Finding ‘Rahmah’ during Ramadan, against the odds
Life in Dhaka provides a thousand reasons to feel hopeless and frustrated. The air is getting increasingly unbreathable, the traffic jams are interminable, and if the rising numbers of cholera and diarrhoea patients are any indication, the water is also undrinkable. All of that and more make it so easy to forget that there are things that are getting better. Case in point: this is the first Ramadan since the start of the pandemic, that we won't be spending under a Covid-induced lockdown. And that's not nothing.
Of course, things are getting hairy. The aforementioned traffic tailbacks are already the stuff of nightmares without bringing the pre-iftar rush into the equation. The inevitable price hikes that come with this season are walloping the wallets of anyone in and below the middle-income bracket. The brief respite that parents of school-going children got, from easing their kids back into in-person classes, has once again turned into turmoil.
Even so, we are now witness to the return of mass taraweeh gatherings, families can once again unite over iftar, and businesses that had taken a hit the past two years can think of rebuilding again. Even though the days have been hot and muggy, the evenings come with a temperate breeze to cool us down. Is that not a shining example of Rahmah?
I don't consider myself very religious. I am what Almas Apa, a respected family friend, would call an "out-of-practice Muslim." Even so, Ramadan holds a special place in my life. I was staring down the barrel of a dark depression back in 2016, when a spark of inspiration during the eve of the first day of Ramadan eventually led to an artistic breakthrough that would become the "Sehri Tales," an annual creativity challenge participated in by thousands over the years, from around the world.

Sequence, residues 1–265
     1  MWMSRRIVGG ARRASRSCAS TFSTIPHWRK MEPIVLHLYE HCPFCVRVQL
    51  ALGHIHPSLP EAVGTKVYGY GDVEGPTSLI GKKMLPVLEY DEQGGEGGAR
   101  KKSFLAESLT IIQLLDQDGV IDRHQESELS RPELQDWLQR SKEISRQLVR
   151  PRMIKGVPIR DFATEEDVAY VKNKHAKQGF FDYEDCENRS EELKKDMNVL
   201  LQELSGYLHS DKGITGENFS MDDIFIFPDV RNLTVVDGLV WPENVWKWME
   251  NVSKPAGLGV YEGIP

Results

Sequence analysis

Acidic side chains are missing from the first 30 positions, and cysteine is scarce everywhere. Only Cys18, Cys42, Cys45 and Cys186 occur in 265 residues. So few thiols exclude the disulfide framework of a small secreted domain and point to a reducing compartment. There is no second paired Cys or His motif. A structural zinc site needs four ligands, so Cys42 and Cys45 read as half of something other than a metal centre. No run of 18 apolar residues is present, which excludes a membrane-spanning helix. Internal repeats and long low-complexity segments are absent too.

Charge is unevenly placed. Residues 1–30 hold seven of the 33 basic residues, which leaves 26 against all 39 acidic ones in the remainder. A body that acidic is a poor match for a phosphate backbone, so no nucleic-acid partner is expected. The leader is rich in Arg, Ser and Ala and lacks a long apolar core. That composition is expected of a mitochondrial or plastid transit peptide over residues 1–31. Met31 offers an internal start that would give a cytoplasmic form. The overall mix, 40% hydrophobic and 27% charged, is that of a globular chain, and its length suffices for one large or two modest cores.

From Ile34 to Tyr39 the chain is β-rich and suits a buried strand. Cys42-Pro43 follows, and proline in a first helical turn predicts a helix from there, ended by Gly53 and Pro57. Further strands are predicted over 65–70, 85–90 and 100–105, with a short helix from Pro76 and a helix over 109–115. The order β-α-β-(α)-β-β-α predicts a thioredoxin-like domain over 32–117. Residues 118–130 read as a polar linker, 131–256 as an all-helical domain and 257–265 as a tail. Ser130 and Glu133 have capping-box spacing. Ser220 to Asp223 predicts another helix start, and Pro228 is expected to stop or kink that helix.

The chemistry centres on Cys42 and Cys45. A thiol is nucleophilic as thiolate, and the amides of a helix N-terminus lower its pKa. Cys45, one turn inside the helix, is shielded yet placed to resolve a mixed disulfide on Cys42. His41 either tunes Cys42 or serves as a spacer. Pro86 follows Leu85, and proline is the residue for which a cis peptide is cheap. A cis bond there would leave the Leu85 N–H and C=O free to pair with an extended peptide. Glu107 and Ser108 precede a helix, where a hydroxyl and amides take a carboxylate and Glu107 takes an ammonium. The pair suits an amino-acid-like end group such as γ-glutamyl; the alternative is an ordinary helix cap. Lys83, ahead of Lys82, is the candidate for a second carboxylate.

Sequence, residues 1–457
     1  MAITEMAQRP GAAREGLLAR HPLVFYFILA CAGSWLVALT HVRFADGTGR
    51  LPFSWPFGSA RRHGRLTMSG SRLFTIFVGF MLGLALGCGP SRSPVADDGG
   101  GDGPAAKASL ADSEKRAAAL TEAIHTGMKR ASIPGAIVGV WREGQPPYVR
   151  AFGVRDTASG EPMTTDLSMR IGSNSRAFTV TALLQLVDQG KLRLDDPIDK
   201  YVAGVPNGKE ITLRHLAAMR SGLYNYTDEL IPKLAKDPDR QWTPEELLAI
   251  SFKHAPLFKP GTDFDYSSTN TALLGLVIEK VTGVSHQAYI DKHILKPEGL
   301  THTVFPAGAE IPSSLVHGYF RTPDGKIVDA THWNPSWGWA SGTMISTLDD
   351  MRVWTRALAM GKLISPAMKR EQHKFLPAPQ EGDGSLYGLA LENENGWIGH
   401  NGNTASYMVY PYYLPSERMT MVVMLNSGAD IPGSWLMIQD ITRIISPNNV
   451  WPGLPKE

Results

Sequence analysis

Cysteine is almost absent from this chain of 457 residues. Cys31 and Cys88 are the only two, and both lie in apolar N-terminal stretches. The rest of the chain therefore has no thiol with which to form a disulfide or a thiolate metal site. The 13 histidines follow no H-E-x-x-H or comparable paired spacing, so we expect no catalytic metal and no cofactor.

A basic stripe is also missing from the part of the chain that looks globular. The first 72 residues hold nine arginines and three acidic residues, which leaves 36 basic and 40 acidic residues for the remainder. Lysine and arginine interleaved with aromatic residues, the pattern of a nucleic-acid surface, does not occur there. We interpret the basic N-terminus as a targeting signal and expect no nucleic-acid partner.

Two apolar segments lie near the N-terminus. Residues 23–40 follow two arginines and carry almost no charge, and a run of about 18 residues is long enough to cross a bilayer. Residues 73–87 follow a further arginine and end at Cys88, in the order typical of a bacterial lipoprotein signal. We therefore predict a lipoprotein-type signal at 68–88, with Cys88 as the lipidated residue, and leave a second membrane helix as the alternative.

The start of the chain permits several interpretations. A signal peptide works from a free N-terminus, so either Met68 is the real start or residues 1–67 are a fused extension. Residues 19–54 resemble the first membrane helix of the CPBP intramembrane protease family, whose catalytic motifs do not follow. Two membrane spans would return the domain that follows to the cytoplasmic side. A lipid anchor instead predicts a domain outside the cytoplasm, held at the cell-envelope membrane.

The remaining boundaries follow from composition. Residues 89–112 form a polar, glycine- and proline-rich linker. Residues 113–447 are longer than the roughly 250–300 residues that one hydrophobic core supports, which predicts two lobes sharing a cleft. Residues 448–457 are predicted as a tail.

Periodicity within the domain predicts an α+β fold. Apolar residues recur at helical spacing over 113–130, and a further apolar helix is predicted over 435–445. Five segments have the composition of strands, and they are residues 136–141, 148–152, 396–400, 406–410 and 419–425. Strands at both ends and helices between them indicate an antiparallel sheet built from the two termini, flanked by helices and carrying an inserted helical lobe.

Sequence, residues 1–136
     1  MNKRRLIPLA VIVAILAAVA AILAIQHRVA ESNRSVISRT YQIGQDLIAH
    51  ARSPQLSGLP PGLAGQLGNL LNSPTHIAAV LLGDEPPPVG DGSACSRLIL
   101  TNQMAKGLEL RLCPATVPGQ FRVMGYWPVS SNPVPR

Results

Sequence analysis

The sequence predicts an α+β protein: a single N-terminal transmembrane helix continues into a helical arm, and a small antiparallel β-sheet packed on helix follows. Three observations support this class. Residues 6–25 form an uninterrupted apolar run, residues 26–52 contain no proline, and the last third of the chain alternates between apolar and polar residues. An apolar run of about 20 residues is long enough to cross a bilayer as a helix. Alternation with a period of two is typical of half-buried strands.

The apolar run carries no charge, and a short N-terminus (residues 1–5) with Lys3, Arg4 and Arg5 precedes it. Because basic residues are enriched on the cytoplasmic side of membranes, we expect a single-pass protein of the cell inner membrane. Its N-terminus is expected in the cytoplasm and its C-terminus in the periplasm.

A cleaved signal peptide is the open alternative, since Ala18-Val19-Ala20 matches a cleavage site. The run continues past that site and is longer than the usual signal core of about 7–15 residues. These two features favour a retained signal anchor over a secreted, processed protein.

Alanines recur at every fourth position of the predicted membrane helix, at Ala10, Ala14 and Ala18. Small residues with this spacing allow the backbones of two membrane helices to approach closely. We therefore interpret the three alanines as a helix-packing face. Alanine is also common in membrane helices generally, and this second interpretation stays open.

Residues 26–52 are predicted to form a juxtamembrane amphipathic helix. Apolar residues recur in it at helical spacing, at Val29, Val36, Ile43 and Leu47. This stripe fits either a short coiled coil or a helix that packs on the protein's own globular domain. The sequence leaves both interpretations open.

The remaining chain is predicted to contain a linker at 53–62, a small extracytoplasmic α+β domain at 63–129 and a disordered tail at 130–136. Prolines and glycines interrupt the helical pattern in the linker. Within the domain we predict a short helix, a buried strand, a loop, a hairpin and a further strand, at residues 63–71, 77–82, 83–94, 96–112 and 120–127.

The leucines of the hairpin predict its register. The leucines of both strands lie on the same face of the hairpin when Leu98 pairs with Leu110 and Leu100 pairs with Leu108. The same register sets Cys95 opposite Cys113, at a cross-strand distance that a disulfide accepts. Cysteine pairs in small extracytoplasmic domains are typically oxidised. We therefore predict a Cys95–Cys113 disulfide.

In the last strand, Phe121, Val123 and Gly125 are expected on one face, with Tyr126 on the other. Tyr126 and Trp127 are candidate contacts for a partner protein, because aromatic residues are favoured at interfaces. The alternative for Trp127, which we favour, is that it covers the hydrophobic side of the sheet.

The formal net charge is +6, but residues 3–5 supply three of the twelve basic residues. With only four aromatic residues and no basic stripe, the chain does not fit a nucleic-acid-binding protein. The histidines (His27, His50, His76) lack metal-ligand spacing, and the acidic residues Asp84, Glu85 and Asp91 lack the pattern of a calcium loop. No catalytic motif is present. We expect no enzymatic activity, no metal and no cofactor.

There is something to be said for the spiritual cleansing that comes from a month of prayers and fasting. The deeper you go into it, whether through namaz, or meditation and self-reflection, it forces you to still your mind. When you combine this with writing therapy, a tool used by mental health professionals to help their patients track their moods, boost productivity and articulate their feelings, you tap into hidden wells of inspiration, and might end up surprising yourself. I know I did, and if their testimonials are anything to go by, so have the participants of the annual "Sehri Tales" challenge.
Ramadan means a lot of different things to different people. The devout celebrate the deeper spiritual connection. Those on a journey of self-growth find it a good opportunity to develop some positive habits (prayers, charity, self-restraint) and to do away with some less desirable ones (substance abuse of varying degrees, for example). There will be roadblocks around the way. It isn't easy; it wasn't ever supposed to be, but every Ramadan is an opportunity to take stock of one's life and remember the blessings we are given.
The Ramadan of 2016 started with so much hope, but ended with the Holey Artisan attack. For the next few months, there was a shadow of fear over the city, which even crept up during Ramadan the following year, but eventually, we pulled through. The Ramadan of 2020 was unsettling and harrowing, with rising infection rates and the news full of frightening numbers. We have hopefully put that behind us, too.
As we enter a brand new holy month, here's hoping we can take the opportunities that come with it, to make good choices—whatever they may be.
Sabrina Fatma Ahmad is a journalist, writer, and founder of Sehri Tales.